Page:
New Restrictions Proposed on Visa Waiver/ESTA Travel
by Foster, on Immigration Updates
On Monday, November 30, 2015, the White House released a new Fact Sheet on proposed Visa Waiver Program enhancements, some of which are already under way.
The Fact Sheet provides information regarding the existing security screening process for Visa Waiver travelers to the United States and describes recent enhancements to the program, which include the addition of new data fields to the application travelers must complete in the Electronic System for Travel Authorization (ESTA) before departing for the United States under the Visa Waiver Program.
In the wake of the attacks in Paris, which appear to have been planned and carried out by citizens of countries that are eligible for travel under the Visa Waiver Program, the Department of Homeland Security will revise the ESTA application form to include additional questions related to past travel to countries which provide safe haven for terrorists. Recent travel to such countries as Syria or Iraq might be deemed sufficient reason to exclude an applicant from visa waiver travel. Applicants refused through the ESTA system must apply for a visa and attend an in-person interview before traveling to the United States.
Other program enhancements include greater sharing of terrorist screening information among Visa Waiver Program (VWP) countries, periodic review of VWP countries with a report to the President on compliance with information sharing objectives, assistance to VWP countries to better facilitate information sharing including biometrics, and increasing the Advance Passenger Information System (APIS) fines for air carriers that fail to verify a traveler’s passport data before permitting them to board a plane destined for the United States.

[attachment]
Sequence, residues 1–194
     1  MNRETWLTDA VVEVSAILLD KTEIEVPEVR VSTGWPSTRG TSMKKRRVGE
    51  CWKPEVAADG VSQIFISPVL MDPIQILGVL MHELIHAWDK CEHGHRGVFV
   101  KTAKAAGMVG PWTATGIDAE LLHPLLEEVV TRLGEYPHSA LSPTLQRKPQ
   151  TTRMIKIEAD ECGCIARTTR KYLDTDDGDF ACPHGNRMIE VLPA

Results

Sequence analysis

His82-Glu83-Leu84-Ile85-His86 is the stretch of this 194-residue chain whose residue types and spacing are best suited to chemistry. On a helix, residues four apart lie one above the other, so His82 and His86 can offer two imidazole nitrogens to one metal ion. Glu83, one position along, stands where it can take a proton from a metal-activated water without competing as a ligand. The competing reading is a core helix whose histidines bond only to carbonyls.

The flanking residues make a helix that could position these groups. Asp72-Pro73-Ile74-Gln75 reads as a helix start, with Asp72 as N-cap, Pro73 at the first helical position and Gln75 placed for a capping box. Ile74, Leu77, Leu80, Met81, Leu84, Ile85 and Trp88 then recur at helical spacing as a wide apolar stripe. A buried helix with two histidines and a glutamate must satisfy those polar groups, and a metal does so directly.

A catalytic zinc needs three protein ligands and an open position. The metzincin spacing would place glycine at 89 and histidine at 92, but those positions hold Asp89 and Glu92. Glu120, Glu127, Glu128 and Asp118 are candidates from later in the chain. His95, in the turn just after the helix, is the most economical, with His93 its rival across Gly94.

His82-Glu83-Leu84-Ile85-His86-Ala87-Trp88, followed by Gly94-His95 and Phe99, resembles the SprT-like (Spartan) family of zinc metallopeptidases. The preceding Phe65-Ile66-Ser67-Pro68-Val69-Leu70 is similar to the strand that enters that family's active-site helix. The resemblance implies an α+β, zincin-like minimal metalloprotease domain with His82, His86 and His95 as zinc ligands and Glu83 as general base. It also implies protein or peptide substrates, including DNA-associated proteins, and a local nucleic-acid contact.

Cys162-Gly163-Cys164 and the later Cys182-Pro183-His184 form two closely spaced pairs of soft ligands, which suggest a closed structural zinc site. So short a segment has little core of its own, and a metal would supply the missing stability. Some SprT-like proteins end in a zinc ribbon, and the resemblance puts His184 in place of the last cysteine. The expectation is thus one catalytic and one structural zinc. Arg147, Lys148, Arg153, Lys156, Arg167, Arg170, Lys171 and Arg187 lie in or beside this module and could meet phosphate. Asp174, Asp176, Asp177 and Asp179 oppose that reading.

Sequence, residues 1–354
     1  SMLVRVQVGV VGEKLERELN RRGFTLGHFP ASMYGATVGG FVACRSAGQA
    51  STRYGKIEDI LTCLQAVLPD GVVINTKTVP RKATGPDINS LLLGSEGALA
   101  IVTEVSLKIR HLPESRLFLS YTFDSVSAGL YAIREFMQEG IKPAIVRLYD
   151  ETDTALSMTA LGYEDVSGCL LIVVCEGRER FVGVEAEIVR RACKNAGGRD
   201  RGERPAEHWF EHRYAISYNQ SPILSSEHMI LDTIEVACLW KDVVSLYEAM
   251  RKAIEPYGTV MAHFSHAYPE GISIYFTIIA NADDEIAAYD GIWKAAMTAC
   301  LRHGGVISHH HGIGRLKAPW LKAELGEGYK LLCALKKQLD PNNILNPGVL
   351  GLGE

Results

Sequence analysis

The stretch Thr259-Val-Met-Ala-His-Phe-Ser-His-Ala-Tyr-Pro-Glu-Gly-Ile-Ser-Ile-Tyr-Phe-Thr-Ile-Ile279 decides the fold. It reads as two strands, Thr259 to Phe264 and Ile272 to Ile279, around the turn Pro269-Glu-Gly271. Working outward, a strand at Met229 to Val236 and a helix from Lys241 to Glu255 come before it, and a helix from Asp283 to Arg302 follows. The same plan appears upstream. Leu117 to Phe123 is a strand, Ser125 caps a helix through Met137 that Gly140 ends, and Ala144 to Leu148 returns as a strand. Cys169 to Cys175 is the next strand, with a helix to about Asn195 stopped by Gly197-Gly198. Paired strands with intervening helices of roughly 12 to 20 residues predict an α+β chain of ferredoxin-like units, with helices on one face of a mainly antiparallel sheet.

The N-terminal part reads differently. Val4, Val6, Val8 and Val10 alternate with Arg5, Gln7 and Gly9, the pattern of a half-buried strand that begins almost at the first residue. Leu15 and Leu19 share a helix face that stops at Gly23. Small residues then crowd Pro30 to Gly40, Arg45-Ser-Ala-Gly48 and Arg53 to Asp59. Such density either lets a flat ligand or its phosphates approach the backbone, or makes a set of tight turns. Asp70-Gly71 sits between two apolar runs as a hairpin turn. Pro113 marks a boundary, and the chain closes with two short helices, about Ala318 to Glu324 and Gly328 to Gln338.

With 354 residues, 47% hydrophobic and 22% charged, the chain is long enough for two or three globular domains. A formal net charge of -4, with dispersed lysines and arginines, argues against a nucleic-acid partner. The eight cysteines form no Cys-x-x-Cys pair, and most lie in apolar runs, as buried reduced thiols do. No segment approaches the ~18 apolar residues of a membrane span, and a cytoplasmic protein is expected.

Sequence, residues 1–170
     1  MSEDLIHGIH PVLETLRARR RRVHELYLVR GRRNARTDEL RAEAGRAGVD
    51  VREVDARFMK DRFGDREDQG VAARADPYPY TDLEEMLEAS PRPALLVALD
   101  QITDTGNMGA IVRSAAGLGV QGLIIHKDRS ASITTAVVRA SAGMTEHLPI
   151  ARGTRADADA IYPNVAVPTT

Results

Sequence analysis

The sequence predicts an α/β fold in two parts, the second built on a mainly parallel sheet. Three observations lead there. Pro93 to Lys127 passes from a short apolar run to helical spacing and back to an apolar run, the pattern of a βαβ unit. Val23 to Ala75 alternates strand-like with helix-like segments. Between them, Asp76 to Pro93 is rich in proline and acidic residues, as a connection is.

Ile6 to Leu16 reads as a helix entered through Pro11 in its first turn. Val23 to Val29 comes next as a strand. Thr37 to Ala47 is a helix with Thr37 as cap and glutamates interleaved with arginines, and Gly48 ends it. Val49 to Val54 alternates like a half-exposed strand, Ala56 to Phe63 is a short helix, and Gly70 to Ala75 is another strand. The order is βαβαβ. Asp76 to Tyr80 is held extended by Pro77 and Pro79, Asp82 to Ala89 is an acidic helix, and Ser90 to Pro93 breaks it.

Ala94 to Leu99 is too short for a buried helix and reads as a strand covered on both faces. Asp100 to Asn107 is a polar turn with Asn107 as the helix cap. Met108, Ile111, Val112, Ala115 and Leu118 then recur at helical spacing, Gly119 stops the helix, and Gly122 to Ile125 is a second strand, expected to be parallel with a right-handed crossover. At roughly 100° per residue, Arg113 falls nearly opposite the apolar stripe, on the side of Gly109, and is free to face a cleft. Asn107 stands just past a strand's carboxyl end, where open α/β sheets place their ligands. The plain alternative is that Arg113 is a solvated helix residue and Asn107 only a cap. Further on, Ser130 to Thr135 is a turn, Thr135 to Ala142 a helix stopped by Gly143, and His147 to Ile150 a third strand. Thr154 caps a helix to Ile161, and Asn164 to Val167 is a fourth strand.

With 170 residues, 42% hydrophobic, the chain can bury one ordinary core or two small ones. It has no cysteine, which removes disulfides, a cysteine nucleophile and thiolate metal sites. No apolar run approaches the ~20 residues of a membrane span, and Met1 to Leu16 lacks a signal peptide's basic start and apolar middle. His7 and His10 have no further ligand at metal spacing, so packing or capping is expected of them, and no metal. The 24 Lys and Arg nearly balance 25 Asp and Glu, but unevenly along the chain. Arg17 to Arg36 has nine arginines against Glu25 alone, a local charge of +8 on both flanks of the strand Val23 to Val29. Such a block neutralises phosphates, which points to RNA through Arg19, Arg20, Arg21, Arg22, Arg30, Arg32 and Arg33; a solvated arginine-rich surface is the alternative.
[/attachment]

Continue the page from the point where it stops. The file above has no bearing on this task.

The Administration further proposes to work with Congress on additional enhancements that may require legislative action to implement, such as establishing U.S. Customs & Border Protection pre-clearance stations in airports of more VWP countries, exploring the use of biometrics in the Visa Waiver Program, and greater use of INTERPOL to track lost and stolen travel documents and identify individuals who have recently traveled to conflict zones to train or fight with terrorist organizations.
Applicants should continue to submit ESTA applications as usual, renewing and amending applications whenever required, and answering any new questions that may appear in the system. Applicants who are refused ESTA clearance should consult their Foster immigration attorney to discuss possible reasons for ESTA refusal and potential eligibility to apply for a visitor visa to travel to the United States.
As always, Foster will continue to monitor current events and their impact on consular operations, and will make additional information available in future Immigration Updates© and on our firm’s website at www.fosterglobal.com.